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Quiet stillness in Highlands and Moray as people come together to watch Queen’s funeral

queen's funeral inverness
Members of the Royal British Legion Scotland and Inverness residents gathered at the Inverness branch to watch the Queen's funeral. Picture by Ross Hempseed

A quiet stillness descended on Highland and Moray communities as people gathered to watch the final journey of Queen Elizabeth II.

The streets of Inverness were eerily quiet on the day of Her Majesty’s funeral, with a stiff autumn wind breezing through the High Street as residents stayed indoors in front of their televisions.

The weather suggested winter was coming as temperatures dipped and leaves crisped up into the browns and yellows associated with the changing of seasons.

Many of the shops on Inverness High Street were closed out of respect. Picture by Ross Hempseed.

This is perhaps relevant to the day’s occasion, as the nation says goodbye to, for many people, the only monarch they have ever known.

At the retail park to the east of Inverness, cars were scattered across the car park, with some people having reserved tickets to watch the Queen’s funeral at the Vue Cinema.

With popular shops like Boots, JD Sports and Tesco having closed out of respect, the streets looked all but abandoned.

Tourists still out and about as city centre deserted

The loud hustle and bustle of cars and voices were replaced with a stillness that could almost be suffocating were it not for the whistles of birds to break the tense atmosphere.

There were signs of life as you moved into the city centre, with people going about daily business and the last tourists of the season capturing Inverness in its autumnal glory.

Bus services were still running, albeit carrying few people, while people walked their dogs down Academy Street and visitors waited near their coach outside Travelodge.

Handfuls of people were still out exploring, with some taking pictures on Ness Bridge against the backdrop of the iconic Inverness Castle.

Veterans and mourners gathered at the Royal British Legion Club to pay tribute to their long-serving patron, with a short service before the funeral for nearly 100 people.

Many had turned out, proudly displaying their medals, while others were decked out in all black with splashes of tartan for a true Highland flair.

Inverness branch chairman, Bart Lucas, found the service “very emotional” and as an armed forces veteran still thinks of the Queen as “the boss”.

He said: “She has been a consistent and steady presence throughout many people’s lives and especially during my service.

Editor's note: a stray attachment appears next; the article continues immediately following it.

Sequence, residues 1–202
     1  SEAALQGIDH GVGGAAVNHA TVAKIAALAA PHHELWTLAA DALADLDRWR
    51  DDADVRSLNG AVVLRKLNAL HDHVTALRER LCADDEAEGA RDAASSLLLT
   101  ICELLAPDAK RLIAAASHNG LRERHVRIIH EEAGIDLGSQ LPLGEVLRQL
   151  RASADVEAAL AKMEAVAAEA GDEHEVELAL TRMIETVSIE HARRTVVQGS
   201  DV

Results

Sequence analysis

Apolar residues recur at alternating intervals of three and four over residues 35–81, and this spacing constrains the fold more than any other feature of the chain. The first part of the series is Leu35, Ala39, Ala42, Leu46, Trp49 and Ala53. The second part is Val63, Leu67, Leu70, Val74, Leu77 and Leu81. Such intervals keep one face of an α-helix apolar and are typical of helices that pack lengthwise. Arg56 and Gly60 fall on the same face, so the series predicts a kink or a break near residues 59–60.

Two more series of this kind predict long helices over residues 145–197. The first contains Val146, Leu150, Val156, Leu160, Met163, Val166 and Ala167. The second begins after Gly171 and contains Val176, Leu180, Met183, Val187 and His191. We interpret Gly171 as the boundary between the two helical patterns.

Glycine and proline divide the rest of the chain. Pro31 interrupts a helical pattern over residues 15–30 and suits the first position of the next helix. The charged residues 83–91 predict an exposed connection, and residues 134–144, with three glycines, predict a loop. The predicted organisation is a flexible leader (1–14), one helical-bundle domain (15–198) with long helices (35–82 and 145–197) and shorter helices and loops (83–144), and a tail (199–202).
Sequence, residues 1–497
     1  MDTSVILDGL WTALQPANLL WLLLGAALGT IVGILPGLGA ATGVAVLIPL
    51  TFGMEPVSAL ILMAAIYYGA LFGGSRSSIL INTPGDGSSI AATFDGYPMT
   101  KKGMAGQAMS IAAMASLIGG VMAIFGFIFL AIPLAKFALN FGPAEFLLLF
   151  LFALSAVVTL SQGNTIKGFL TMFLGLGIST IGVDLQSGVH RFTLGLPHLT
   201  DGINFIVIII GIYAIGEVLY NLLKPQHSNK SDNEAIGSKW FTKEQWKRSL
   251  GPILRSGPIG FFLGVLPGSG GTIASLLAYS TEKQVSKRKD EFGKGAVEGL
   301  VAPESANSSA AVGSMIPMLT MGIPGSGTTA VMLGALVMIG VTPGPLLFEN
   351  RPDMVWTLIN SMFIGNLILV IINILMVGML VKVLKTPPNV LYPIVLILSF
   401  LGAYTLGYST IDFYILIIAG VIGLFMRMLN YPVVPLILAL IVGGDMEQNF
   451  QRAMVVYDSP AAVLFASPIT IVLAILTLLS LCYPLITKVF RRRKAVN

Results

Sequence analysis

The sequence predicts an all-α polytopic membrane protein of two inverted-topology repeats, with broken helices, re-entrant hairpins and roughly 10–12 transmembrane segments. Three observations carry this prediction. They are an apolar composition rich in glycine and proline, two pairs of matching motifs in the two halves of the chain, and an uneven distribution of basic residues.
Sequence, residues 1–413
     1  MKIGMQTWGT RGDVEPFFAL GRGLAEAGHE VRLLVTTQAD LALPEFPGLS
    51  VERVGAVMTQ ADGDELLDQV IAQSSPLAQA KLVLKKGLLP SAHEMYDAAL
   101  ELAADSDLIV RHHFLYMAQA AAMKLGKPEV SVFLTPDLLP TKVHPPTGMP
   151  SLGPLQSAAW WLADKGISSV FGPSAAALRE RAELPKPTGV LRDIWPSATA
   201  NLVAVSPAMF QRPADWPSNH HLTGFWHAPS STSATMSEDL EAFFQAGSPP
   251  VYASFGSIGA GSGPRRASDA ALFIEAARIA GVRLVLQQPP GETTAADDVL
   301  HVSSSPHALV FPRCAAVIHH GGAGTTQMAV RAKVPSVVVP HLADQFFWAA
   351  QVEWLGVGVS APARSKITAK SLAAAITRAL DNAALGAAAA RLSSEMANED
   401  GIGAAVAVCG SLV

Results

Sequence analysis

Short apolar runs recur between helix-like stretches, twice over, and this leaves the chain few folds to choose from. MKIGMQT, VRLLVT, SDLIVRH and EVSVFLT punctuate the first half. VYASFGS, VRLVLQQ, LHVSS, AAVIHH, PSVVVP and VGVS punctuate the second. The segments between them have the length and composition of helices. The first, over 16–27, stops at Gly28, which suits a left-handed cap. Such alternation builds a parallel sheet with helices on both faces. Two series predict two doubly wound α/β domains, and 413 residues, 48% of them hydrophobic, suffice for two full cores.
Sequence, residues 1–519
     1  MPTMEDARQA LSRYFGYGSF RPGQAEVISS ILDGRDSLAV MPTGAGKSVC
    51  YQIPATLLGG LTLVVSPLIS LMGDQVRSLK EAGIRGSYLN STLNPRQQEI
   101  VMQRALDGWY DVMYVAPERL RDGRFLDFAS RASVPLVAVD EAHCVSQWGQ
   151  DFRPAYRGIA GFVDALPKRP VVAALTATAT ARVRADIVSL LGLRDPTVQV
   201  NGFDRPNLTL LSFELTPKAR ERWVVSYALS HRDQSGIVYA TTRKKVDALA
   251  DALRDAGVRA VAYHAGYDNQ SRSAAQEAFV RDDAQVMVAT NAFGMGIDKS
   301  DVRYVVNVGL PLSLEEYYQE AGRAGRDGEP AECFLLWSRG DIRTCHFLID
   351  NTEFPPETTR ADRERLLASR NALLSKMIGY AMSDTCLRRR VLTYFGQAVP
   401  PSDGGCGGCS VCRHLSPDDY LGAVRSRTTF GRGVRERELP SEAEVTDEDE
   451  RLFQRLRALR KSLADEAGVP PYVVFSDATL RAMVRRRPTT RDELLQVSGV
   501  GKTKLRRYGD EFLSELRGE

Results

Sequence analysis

“Many veterans and members of the Royal British Legion hold her in such high regard because she was our Commander-in-Chief.

“Once you take the oath to serve the Queen, that ties you in for life.”

As the lone bagpiper played, some shed a tear as melody of “Sleep, Dearie Sleep” faded into silence.

queen's funeral inverness
The heavens opened and the sun shone down on Inverness following the conclusion of the Queen’s funeral service. Picture by Ross Hempseed


In Nairn, the streets were empty, with few shops open on such a historic day.

After the funeral service finished at noon, it was fitting the sun broke free of the cloud cover, showering the town and the iconic beach with gentle warmth.

Tourists with cameras were patrolling the sandy Nairn beach as they looked out across the Moray Firth, with the soft rhythmic sounds of gentle waves in the background.

Even though no schools were open on Monday, the bell signalling the start of the lunch hour at Rosebank Primary School echoed throughout the town centre.

Nairn High Street deserted as people watch the Queen’s funeral. Picture by Ross Hempseed.

The quiet streets of Nairn contrasted with the still busy A96 Inverness to Aberdeen road, with lorries, motorhomes and tractors still working.

Meanwhile, two paragliders, one with an orange chute, the other with a blue chute, flew between Nairn and Forres.


Many businesses on the High Street and the St Giles Centre had closed for the day, leaving the normally lively centre, eerily quiet.

At St Giles Church in the centre of Elgin, a small congregation of four people had gathered to watch the funeral and procession.

Stuart Lynch, an elder of the church, said: “I found the event very moving. The Queen led a remarkable life, and her Christian commitment was very clear in the many things she did in her life and the way she regarded people.”

queen's funeral
St Giles Church in Elgin High Street where floral tributes to the Queen were laid. Picture by Ross Hempseed.

Floral tributes have been left outside St Giles Church, with many residents coming to pay their respects.

Mr Lynch added: “There’s been a steady stream of people coming to the church and signing the book of condolence, which shows the regard that the people of Moray had for Her late Majesty.”

Across the Highlands and Moray, people came together with relatives, friends and even strangers to mark the historic final journey of the Queen.

It shows the extent of the respect and love the Queen showed her entire life, that her people can give her a well-deserved thank you.

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